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Find video protocols related to scientific articles indexed in Pubmed.
Deletion of small ankyrin 1 (sAnk1) isoforms results in structural and functional alterations in aging skeletal muscles fibers.
Am. J. Physiol., Cell Physiol.
PUBLISHED: 10-31-2014
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Muscle-specific ankyrins 1 (sAnk1) are a group of small ankyrin 1 isoforms, of which sAnk1.5 is the most abundant. sAnk1 are localized in the sarcoplasmic reticulum (SR) membrane from where they interact with obscurin, a myofibrillar protein. This interaction appears to contribute to stabilize the SR close to the myofibrils. Here we report the structural and functional characterization of skeletal muscles from sAnk1 knockout mice (KO). Deletion of sAnk1 did not change the expression and localization of SR proteins in 4-6 month old sAnk1 KO mice. Structurally, the main modification observed in skeletal muscles of adult sAnk1 KO mice (4-6 months of age) was the reduction of SR volume at the sarcomere A band level. With increasing age (at 12-15 months) EDL skeletal muscles of sAnk1 KO mice develop prematurely large tubular aggregates, whereas diaphragm undergoes significant structural damage. Parallel functional studies revealed specific changes in the contractile performance of muscles from sAnk1 KO mice and a reduced exercise tolerance in an endurance test on treadmill compared to control mice. Moreover, reduced Q? charge and L-type Ca(2+)current, that are indexes of affected e-c coupling, were observed in diaphragm fibers from 12-15 month old mice, but not in other skeletal muscles from sAnk1 KO mice. Altogether, these findings show that the ablation of sAnk1, by altering the organization of the SR, renders skeletal muscles susceptible to undergo structural and functional alterations more evident with age, and point to an important contribution of sAnk1 to the maintenance of the longitudinal SR architecture.
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SQSTM1 gene analysis and gene-environment interaction in Pagets disease of bone.
J. Bone Miner. Res.
PUBLISHED: 03-05-2010
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Even though SQSTM1 gene mutations have been identified in a consistent number of patients, the etiology of Pagets disease of bone (PDB) remains in part unknown. In this study we analyzed SQSTM1 mutations in 533 of 608 consecutive PDB patients from several regions, including the high-prevalence area of Campania (also characterized by increased severity of PDB, higher number of familial cases, and peculiar phenotypic characteristics as giant cell tumor). Eleven different mutations (Y383X, P387L, P392L, E396X, M401V, M404V, G411S, D423X, G425E, G425R, and A427D) were observed in 34 of 92 (37%) and 43 of 441 (10%) of familial and sporadic PDB patients, respectively. All five patients with giant cell tumor complicating familial PDB were negative for SQSTM1 mutations. An increased heterogeneity and a different distribution of mutations were observed in southern Italy (showing 9 of the 11 mutations) than in central and northern Italy. Genotype-phenotype analysis showed only a modest reduction in age at diagnosis in patients with truncating versus missense mutations, whereas the number of affected skeletal sites did not differ significantly. Patients from Campania had the highest prevalence of animal contacts (i.e., working or living on a farm or pet ownership) without any difference between patients with or without mutation. However, when familial cases from Campania were considered, animal contacts were observed in 90% of families without mutations. Interestingly, a progressive age-related decrease in the prevalence of animal contacts, as well as a parallel increase in the prevalence of SQSTM1 mutations, was observed in most regions except in the subgroup of patients from Campania. Moreover, patients reporting animal contacts showed an increased number of affected sites (2.54 +/- 2.0 versus 2.19 +/- 1.9, p < .05) over patients without animal contacts. This difference also was evidenced in the subgroup of patients with SQSTM1 mutations (3.84 +/- 2.5 versus 2.76 +/- 2.2, p < .05). Overall, these data suggest that animal-related factors may be important in the etiology of PDB and may interact with SQSTM1 mutations in influencing disease severity.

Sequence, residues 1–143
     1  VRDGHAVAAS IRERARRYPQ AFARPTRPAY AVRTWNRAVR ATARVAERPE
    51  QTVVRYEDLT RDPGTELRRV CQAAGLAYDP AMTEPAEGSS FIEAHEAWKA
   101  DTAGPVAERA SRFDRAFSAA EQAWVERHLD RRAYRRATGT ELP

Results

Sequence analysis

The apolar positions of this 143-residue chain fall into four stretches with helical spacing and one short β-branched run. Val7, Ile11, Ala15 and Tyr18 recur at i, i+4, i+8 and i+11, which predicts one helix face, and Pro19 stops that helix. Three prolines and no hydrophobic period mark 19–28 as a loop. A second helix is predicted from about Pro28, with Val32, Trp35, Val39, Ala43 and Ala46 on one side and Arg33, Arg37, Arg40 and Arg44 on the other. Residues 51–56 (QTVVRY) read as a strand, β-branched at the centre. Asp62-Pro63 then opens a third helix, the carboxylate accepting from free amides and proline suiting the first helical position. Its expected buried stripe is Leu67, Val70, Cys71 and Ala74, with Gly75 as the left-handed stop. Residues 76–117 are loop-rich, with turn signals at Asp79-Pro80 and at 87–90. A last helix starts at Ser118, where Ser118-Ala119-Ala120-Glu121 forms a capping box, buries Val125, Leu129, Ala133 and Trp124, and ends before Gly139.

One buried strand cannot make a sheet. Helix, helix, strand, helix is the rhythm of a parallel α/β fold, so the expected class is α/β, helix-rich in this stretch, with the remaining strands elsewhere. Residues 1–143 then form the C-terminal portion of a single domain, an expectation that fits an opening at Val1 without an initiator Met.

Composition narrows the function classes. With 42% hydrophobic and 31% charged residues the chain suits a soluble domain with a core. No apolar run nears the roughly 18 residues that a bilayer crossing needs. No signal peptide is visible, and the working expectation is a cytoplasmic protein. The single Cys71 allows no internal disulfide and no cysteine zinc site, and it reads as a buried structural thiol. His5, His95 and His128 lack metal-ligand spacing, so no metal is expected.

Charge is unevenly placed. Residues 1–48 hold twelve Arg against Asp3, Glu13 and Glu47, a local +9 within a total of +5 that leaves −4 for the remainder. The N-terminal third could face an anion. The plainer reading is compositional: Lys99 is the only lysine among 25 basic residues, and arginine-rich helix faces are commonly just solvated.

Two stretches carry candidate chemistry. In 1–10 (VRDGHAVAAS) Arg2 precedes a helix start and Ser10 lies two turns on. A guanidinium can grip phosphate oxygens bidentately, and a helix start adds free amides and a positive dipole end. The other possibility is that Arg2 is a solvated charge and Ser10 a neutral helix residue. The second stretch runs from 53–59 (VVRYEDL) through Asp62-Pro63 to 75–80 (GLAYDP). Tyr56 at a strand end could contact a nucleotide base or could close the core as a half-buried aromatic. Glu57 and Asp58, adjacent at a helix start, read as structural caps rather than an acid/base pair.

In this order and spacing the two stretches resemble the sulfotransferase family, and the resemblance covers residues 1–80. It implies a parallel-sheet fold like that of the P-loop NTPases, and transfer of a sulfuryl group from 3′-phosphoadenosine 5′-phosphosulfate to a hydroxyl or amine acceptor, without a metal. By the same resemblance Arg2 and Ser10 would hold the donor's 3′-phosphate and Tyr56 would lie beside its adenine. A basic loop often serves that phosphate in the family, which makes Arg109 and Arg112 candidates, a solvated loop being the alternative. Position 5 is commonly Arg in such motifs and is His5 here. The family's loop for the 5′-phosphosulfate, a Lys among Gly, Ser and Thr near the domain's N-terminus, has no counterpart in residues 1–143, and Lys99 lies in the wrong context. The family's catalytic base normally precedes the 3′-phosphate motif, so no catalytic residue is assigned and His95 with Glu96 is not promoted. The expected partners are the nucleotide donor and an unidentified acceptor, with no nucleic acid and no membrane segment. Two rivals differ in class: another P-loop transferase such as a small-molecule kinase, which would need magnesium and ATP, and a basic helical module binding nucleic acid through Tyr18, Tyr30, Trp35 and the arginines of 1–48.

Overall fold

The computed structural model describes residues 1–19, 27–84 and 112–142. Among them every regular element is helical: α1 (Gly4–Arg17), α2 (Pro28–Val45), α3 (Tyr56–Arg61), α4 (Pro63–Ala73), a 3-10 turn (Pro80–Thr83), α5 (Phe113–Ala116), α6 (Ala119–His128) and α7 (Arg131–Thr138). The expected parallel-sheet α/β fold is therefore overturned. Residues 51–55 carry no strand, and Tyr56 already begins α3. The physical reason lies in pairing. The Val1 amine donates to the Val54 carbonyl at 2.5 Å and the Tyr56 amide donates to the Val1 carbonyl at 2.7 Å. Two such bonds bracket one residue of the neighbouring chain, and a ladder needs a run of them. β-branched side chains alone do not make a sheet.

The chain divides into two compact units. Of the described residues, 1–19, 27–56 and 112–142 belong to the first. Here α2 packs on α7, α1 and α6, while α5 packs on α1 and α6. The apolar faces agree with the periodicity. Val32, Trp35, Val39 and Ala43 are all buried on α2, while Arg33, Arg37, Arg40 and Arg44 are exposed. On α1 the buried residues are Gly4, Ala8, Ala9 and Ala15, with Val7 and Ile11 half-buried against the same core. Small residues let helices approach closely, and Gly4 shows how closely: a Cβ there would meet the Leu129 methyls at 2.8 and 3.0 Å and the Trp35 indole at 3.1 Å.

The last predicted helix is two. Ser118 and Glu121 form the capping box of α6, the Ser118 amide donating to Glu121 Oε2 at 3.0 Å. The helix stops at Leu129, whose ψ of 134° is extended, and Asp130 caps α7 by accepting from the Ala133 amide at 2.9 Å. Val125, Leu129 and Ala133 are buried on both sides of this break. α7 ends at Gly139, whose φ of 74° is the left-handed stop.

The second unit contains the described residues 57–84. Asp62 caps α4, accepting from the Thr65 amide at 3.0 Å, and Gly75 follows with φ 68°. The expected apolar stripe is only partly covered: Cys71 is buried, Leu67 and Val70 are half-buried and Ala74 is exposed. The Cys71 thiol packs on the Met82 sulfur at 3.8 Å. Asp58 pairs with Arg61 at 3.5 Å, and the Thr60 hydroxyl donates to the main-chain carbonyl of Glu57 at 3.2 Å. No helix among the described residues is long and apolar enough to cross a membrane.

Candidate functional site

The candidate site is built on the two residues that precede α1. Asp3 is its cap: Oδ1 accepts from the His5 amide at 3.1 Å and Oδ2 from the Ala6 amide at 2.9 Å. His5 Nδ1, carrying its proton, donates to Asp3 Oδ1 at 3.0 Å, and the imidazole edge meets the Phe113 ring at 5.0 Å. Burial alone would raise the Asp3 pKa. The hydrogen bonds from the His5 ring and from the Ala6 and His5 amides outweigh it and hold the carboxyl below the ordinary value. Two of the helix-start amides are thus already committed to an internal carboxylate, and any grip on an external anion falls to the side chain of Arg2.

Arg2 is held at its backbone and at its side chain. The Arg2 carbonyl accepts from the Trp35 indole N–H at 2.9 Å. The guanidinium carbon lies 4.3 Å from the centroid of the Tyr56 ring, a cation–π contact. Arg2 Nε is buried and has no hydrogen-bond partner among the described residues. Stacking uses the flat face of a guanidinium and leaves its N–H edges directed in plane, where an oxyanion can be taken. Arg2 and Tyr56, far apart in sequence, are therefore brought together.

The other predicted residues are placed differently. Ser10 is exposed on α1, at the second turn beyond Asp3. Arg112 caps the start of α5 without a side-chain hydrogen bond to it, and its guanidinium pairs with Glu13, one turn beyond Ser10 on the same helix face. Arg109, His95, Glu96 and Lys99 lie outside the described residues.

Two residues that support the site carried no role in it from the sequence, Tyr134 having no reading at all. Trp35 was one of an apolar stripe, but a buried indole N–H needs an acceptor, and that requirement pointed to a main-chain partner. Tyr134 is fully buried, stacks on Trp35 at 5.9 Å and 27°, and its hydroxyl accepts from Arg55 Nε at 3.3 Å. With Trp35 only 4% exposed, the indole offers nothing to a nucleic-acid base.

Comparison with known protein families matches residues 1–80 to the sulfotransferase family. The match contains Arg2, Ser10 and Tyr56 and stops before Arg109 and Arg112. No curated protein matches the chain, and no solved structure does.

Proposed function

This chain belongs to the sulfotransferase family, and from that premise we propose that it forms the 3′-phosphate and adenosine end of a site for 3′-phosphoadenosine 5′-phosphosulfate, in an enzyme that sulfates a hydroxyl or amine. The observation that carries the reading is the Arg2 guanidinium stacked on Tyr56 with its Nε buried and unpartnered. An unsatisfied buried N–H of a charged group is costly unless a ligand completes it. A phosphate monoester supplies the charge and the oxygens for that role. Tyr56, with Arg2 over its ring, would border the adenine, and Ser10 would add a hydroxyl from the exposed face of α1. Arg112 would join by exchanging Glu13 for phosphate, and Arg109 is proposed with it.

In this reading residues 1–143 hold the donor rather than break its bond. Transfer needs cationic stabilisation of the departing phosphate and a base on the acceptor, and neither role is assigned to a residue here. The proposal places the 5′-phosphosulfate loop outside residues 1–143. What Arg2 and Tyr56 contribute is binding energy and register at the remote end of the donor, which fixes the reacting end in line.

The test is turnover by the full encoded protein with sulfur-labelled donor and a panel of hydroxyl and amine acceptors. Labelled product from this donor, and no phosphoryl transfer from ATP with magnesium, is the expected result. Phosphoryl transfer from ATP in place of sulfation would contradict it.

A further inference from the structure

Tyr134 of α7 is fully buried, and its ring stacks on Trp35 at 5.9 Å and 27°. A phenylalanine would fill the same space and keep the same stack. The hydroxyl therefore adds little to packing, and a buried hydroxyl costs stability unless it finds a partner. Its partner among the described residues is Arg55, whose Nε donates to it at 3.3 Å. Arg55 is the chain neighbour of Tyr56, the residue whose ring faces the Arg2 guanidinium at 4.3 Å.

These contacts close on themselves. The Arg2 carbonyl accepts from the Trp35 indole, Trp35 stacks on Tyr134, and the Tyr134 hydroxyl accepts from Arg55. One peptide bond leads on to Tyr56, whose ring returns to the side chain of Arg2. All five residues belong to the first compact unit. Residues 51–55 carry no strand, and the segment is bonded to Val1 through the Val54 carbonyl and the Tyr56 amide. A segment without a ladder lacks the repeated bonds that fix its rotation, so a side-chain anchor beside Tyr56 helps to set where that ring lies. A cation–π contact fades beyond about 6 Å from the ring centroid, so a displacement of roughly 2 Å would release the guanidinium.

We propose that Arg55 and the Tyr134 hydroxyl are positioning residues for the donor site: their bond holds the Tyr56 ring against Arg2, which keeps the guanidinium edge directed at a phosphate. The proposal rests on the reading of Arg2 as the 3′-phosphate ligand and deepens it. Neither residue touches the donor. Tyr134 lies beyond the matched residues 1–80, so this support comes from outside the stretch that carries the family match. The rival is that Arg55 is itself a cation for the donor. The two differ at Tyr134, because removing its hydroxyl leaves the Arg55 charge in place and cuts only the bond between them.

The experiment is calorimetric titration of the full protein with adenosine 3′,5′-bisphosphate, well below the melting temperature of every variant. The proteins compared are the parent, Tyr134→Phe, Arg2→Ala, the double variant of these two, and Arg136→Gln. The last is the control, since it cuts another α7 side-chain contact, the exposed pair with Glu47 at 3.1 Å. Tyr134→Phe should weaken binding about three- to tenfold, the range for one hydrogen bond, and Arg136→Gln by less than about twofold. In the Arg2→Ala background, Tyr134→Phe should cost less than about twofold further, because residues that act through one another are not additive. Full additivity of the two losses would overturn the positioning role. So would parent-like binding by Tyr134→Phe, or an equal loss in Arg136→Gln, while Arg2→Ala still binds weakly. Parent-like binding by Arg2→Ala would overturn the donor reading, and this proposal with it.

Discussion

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JoVE Visualize is a tool created to match the last 5 years of PubMed publications to methods in JoVE's video library.

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We use abstracts found on PubMed and match them to JoVE videos to create a list of 10 to 30 related methods videos.

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In developing our video relationships, we compare around 5 million PubMed articles to our library of over 4,500 methods videos. In some cases the language used in the PubMed abstracts makes matching that content to a JoVE video difficult. In other cases, there happens not to be any content in our video library that is relevant to the topic of a given abstract. In these cases, our algorithms are trying their best to display videos with relevant content, which can sometimes result in matched videos with only a slight relation.